If you dwell upon some details of debut release by German guitarist Stefan Streck, also known as Dj Sterngucker, the nice moniker he used for his appearances in German dnb scene, such as the way he titled tracks taken from freshwater inhabitants (daces, rudds, carps, tenches, gudgeons, minnows, crucians, barbels and so on), you could assume Micronaut's creator is a fanatic for aquariums or recreational fishing, but other marks, including that gudgeon (or at least it seems a gudgeon...) while swallows some unidentified fish on the cover artwork, might shake such an assumption, which could appear belittling or close to a reductive shot cut if you begin to discerning a metaphorical language, based on the "big fish eating little fish" vision of such a broken social scene, where economical impasse as well as some political decisions which are hitting welfare policies and competitional mechanism, basis of Capitalism, look like awakening primordial atavistic predatory instincts fostering a battle arena-like vision of society more than a cooperative one. If you try to solve such a dilemma by an auricular analysis of musical clues, ambiguity could remain (and be even increased if you try to find an association between tinches and Bulgarian folk choirs, suggested in the lovely entrancing track "Schleie"!): whereas there are tracks which evoke wondering in deep contemplation of river's or just pound's life through sonic splashes, spurting, darts, soft xylophone's trills, clappy rhythmical stepping and sweetly effected guitar arpeggios (I particularly enjoyed "Grundling", "Hasel" - featuring very nice vocal games - and "Karpfen") there's that feeling of dramatic urgency and underskin tension, that kind of electric defibrillation close to the one applied by Apparat to his songs, amalgamating such a bucolic musical poem with more pensive weighs in mind. Every track has been carefully assembled and performed anyway and the release includes two appetizers for clubbers and djs as well, two dubby/electropop remixes by Ronny Mollenhauer aka Mollono.Bass (I liked more the one of "Barbe" than the treatment he reserved to "Schleie", maybe cause original version of the track was good enough).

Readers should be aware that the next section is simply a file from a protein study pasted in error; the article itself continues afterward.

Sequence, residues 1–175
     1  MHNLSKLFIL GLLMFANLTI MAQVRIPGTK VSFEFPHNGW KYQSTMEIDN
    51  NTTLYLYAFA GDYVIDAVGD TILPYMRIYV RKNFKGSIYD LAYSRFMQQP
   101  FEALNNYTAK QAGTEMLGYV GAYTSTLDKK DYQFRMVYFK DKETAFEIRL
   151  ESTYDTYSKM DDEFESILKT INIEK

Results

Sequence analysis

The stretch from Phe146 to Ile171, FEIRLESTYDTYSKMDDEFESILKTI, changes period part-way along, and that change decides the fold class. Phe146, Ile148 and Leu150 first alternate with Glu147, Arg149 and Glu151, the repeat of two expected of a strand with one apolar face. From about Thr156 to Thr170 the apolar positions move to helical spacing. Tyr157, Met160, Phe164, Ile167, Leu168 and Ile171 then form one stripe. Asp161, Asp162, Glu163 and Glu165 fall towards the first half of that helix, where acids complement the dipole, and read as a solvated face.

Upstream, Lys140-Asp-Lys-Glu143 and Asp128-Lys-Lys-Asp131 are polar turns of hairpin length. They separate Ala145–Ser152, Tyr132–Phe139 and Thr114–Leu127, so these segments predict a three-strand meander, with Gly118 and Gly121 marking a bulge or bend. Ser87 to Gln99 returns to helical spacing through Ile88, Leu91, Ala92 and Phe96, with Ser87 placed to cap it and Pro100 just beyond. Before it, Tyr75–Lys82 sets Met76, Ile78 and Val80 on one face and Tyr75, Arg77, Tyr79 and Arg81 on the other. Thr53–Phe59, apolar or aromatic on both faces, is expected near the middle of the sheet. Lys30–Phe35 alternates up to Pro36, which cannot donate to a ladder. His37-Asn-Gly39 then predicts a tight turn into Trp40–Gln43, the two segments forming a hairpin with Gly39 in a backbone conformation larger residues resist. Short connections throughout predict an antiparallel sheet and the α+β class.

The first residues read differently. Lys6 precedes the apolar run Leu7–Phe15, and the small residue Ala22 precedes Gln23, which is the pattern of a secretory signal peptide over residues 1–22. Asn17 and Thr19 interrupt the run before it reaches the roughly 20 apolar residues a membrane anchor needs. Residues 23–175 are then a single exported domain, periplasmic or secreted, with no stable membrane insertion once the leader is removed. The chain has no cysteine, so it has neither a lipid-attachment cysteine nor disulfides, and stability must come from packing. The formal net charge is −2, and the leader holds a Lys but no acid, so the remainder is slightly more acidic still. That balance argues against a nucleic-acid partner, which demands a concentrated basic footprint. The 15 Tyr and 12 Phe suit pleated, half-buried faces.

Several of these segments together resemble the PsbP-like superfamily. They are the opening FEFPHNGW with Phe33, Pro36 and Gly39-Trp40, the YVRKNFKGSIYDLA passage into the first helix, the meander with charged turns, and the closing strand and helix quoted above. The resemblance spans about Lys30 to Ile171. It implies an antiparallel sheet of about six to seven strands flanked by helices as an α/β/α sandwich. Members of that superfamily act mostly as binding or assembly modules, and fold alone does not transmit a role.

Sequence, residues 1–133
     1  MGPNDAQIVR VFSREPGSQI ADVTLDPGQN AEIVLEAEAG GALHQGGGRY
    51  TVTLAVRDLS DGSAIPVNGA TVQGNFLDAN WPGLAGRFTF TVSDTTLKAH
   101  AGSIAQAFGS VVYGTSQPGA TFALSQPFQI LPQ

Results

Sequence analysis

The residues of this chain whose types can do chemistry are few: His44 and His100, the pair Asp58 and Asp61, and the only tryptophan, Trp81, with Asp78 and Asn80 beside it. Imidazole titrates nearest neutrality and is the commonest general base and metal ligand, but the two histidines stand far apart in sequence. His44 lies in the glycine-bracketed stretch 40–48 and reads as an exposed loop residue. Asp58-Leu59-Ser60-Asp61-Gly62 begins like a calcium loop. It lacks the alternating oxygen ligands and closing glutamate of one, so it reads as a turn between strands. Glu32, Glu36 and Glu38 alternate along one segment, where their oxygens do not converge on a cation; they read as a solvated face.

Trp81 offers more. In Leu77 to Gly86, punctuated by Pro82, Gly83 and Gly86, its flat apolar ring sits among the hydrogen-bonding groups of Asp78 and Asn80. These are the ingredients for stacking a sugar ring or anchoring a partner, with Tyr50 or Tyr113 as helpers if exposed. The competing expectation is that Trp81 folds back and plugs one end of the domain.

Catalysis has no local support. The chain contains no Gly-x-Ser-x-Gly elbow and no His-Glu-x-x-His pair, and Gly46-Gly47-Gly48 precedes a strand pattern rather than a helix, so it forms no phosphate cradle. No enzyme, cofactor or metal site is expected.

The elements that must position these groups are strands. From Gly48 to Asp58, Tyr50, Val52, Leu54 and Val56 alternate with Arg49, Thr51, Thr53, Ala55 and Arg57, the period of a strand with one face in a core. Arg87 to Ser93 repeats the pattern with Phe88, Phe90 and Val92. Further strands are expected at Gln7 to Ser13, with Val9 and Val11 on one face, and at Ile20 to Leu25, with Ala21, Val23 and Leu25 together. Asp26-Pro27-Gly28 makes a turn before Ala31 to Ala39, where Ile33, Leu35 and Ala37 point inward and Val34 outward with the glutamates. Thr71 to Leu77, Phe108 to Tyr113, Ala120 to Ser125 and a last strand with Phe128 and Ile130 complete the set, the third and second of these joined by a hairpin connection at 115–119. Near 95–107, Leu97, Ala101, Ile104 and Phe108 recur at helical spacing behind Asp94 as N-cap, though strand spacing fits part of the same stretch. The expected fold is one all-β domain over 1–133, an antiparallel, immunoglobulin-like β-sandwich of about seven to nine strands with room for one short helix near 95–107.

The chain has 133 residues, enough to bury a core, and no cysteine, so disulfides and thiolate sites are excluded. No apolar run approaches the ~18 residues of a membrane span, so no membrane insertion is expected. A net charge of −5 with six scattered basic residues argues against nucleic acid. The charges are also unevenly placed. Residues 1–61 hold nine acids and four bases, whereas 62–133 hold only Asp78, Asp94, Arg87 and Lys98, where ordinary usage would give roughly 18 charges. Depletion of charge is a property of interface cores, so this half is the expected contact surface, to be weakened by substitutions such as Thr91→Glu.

Celer & Machinefabriek: Maastunnel/Mt. Mitake

 Posted by J Simpson (@)   Ambient / Electronica / Ethereal / Dub / Soundscapes / Abstract
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Feb 20 2012
Artist: Celer & Machinefabriek (@)
Title: Maastunnel/Mt. Mitake
Format: 7"
Label: Machinefabriek (@)
Rated: *****
"What'd he look like?"
"I don't know. He didn't lift his head up. He could've been... just anybody."

A disembodied voice, a tape snippet, inquires, on Maastunnel, the A Side to this auspicious pairing of these two giants of drone. 'Maastunnel/Mt. Mitake' came about after Machinefabriek & Celer played a show together in Tokyo in 2010, and was released to coincide with an upcoming European tour, so we will most likely hear more from these combined heads.

Both Machinefabriek & Celer are hyper-prolific, nigh-on legendary in the ambient/drone/field recordings microcosm, so what happens when they get together? That's why i started with that quote, it is a fine example of the egolessness of both artist's work, an almost slavish devotion to the 'sound', the 'work'. Tasteful in the extreme, you can hear the individual spirit of each, the squeaky field recordings that are Machinefabriek's hallmark, the drifting, cloud-like melodies Celer is known for. The overall effect achieved, is a sonic world, an auditory hallucination, with Machinefabriek creating the space for Celer to score, events unfolding, humans interacting with the inanimate.

'Maastunnel' is the more pastoral of the two, which is funny as its named after a tunnel, but its tinkling, splashing water give a sense of the outdoors. 'Mt. Mitake', named after the mountain to the west of Tokyo, is a more sci-fi affair, think Vangelis, think Klaus Schulze - dreamy, futuristic, floating. The pair make for more colorful drones and inner-visions than the monochromatic blur often found in the more industrial cadre of this style.

'Maastunnel/Mt. Mitake' is an exercise in restraint, in good taste. They show respect for one another, the music, and the listener. The whole shebang clocks in at a scant ten-minutes, which means you will spend a lot of time hitting play, or flipping over this little gem. Poring over its intricacies. Makes for pleasant company in the morning, if you want to keep that dreamy vibe going. I'm looking forward to hearing more from these two.